It appears that in 2013 a number of EU countries will be looking to make sweeping changes to online gaming laws in an effort to bolster existing laws and increase revenue generated from online gaming. Among the countries that are looking to alter different aspects of their online gaming laws are France, the UK, and the Netherlands, with all three making different suggestions on how to move forward with online gaming.
France seeks shared player pool
The French regulatory agency ARJEL published a report detailing online poker revenue totals for 2012 recently and it seems that poker boom has ended in France, with cash-game revenue down 5% year-over-year. Tournament revenue did increase over 20%, but cash-games account for over 80% of total revenue in France.
Because of the dismal reports ARJEL is once again pushing for a shared player pool among certain EU countries. The feeling is that with a larger player base all operators would see increased revenues and increase liquidity – basically, the ‘more-players makes online poker more appealing to new players’ theory.
UK toys with the idea of a “Consumption Tax” for online poker operators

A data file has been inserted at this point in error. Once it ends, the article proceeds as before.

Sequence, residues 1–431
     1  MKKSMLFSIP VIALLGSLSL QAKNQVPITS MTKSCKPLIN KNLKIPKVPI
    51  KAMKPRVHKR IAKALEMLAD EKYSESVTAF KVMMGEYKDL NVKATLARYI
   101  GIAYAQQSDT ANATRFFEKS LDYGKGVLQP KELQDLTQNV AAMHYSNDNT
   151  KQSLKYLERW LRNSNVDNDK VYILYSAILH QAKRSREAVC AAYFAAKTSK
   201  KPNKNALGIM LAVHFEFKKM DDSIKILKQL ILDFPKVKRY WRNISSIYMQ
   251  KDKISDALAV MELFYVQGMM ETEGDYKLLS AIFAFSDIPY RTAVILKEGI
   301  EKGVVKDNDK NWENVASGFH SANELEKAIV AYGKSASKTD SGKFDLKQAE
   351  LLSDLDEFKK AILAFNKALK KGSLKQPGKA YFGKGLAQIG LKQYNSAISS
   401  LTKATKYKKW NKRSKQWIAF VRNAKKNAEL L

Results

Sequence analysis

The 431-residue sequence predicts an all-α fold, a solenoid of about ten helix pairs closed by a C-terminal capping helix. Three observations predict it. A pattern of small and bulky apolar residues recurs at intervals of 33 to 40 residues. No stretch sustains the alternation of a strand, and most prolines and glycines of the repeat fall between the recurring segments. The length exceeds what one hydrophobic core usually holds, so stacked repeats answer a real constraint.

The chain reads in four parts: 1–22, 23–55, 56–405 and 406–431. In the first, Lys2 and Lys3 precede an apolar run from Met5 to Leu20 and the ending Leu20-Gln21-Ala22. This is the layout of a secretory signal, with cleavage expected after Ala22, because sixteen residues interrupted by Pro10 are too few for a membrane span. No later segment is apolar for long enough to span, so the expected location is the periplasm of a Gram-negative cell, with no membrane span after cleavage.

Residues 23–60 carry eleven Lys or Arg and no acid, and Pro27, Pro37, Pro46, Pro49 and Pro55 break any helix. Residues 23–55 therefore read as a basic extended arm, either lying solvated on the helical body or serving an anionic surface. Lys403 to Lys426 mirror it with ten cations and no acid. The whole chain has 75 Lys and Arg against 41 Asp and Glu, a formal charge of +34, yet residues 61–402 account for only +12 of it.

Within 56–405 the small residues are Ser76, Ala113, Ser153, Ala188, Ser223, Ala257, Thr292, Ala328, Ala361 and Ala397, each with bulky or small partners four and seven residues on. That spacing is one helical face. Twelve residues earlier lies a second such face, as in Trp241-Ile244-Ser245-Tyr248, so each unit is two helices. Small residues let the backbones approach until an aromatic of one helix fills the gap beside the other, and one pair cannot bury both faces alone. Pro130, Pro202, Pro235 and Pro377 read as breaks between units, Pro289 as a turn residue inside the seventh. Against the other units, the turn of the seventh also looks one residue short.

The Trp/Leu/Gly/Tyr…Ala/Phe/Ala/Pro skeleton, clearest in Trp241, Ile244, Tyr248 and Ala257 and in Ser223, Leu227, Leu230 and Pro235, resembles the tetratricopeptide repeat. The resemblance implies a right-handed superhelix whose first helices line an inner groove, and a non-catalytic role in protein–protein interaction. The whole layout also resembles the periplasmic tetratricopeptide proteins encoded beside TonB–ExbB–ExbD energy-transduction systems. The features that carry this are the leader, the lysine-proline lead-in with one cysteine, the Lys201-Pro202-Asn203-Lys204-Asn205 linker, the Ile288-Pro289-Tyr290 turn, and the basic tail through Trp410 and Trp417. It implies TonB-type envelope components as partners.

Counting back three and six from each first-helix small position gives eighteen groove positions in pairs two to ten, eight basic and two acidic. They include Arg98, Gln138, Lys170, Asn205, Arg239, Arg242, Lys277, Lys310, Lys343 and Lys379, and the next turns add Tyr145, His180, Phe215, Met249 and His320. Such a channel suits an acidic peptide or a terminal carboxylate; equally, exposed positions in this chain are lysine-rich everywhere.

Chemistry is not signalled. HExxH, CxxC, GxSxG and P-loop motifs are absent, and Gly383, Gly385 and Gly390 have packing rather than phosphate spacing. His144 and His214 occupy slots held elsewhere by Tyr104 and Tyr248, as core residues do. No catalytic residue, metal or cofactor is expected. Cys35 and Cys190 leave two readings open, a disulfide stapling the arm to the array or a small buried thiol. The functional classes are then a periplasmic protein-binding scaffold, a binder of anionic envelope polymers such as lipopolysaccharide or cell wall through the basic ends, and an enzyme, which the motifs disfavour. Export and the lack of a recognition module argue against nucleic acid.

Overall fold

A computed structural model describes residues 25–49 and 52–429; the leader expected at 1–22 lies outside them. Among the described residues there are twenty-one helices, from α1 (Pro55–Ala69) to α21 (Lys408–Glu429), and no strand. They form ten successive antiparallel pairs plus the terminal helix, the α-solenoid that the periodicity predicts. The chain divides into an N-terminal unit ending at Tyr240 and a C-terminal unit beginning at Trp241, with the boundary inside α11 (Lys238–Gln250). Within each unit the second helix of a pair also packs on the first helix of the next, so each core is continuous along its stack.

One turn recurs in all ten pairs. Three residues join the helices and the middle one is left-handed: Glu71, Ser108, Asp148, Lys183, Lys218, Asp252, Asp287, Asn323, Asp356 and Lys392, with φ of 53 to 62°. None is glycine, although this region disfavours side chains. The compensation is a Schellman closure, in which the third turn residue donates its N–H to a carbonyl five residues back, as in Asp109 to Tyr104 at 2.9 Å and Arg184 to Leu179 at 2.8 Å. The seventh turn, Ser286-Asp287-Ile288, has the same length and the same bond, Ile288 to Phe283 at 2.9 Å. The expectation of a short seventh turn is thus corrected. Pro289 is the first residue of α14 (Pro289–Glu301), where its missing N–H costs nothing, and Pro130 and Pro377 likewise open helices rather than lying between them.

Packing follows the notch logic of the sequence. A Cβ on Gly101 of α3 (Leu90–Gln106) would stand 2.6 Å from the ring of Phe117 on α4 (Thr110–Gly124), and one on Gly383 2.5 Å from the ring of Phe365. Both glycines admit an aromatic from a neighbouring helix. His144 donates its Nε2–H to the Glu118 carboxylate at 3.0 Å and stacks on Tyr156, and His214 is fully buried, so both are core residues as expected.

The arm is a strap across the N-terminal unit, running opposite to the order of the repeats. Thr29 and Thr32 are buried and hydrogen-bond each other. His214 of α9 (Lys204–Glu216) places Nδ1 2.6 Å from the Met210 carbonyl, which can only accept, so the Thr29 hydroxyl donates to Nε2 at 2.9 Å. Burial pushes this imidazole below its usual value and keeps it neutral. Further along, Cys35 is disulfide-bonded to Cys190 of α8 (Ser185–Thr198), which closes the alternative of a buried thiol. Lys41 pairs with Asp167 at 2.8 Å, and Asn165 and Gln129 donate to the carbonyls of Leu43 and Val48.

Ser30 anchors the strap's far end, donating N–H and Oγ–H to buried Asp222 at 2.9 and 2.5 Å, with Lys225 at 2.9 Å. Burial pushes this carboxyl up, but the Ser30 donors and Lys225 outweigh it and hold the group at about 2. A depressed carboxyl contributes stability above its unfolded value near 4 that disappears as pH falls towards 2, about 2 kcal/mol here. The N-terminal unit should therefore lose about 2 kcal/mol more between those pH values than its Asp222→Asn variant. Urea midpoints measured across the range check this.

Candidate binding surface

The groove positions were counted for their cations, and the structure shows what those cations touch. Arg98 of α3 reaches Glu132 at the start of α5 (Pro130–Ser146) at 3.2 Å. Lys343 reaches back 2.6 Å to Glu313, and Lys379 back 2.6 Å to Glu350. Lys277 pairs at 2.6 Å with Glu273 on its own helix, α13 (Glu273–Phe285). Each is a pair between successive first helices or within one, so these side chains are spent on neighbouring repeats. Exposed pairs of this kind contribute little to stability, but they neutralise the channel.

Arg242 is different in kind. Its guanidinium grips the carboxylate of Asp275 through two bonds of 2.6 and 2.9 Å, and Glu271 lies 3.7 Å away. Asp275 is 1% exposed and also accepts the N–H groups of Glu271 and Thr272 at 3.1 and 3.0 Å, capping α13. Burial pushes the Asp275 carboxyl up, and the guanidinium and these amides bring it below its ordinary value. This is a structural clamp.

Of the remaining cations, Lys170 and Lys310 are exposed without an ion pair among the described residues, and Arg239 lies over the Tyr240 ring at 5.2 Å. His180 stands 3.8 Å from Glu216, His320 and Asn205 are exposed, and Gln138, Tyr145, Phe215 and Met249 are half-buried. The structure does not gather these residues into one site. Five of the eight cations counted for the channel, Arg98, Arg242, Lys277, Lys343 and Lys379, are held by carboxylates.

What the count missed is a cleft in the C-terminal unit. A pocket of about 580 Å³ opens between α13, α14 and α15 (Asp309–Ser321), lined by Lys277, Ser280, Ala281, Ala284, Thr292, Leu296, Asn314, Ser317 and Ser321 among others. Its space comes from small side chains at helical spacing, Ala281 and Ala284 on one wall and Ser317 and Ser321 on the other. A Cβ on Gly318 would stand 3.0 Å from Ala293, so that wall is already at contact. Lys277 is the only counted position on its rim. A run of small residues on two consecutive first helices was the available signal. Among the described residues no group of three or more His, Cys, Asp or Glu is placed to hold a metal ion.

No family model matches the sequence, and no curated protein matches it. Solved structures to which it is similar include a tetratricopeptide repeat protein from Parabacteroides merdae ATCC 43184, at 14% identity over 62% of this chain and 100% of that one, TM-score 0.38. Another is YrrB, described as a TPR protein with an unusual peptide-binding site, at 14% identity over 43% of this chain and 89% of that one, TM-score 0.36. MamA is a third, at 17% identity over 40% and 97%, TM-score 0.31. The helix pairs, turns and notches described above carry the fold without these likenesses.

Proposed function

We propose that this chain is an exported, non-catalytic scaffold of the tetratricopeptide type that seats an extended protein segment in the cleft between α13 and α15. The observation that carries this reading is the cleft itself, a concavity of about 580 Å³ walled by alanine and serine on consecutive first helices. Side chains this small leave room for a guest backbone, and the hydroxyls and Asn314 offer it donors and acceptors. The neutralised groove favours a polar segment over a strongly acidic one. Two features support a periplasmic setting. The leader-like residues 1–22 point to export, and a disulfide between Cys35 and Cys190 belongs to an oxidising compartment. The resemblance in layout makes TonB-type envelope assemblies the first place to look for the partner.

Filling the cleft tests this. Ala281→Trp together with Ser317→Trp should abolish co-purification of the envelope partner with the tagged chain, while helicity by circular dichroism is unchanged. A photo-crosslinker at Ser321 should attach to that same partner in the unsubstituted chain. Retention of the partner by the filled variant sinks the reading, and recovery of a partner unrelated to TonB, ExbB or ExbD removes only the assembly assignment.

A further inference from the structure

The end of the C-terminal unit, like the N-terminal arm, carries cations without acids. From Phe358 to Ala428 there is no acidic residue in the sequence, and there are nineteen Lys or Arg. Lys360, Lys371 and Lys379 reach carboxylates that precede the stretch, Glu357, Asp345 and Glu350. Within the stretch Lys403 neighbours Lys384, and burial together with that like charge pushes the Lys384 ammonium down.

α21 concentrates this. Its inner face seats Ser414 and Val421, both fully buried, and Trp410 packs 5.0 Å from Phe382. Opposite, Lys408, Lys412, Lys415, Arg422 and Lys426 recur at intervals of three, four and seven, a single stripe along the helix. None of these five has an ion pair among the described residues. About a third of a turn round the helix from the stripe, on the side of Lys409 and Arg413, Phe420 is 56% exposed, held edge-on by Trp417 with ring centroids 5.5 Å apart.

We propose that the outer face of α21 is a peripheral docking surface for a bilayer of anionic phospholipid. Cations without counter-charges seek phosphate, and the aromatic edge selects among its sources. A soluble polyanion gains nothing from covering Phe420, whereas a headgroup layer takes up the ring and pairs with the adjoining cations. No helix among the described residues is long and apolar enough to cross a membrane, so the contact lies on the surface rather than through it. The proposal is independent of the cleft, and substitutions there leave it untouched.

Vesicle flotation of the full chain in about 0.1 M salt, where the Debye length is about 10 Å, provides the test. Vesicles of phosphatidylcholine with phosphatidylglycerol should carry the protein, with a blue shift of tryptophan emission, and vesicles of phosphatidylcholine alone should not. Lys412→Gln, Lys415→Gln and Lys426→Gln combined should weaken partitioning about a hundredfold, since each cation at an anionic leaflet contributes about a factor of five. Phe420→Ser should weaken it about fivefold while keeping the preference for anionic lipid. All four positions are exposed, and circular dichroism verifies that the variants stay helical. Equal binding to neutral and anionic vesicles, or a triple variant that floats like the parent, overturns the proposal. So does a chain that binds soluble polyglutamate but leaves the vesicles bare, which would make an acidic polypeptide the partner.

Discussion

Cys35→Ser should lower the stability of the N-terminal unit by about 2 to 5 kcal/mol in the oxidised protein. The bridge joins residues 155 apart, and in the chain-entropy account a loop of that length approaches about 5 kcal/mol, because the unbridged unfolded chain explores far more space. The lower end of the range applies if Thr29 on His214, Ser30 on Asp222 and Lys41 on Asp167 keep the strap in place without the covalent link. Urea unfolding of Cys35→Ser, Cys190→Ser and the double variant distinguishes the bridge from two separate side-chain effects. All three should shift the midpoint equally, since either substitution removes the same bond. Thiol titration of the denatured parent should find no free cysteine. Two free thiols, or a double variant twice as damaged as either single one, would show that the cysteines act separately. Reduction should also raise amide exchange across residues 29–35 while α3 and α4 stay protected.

While the UK has perhaps the most liberal laws in the world regarding online poker, operators in the country do face a pretty steep tax, which has forced many to move outside the UK in order to compete with their peers who are not forced to pay the UK government any tax whatsoever.
A new proposal would see an end to the 15% tax on revenue for UK-based operators, instead taxing all operators based on the amount of play their UK player base accounts for. This proposal would even the playing field for UK operators, who would no longer have to pay a 15% tax on all revenues, and would simply pay the same amount as their competitors.
Netherlands prepares for legalized online poker
The Dutch Gaming Authority is now meeting with potential operators as the country moves forward with online poker legislation. The DGA expects operators and regulators to be ready to go sometime in 2014 as the Netherlands seeks to capitalize on the tax revenue that online poker has brought to other EU countries.
According to reports, the proposed legislation would allow domestic (brick & mortar casinos) and foreign operators to apply for licenses and would not cut off Dutch residents from the rest of the world.
So far the Dutch government has asked current operators (operating outside of Dutch authority) to “cease and desist”, threatening to blacklist any providers who continue to operate in the country until the licensing process has been completed.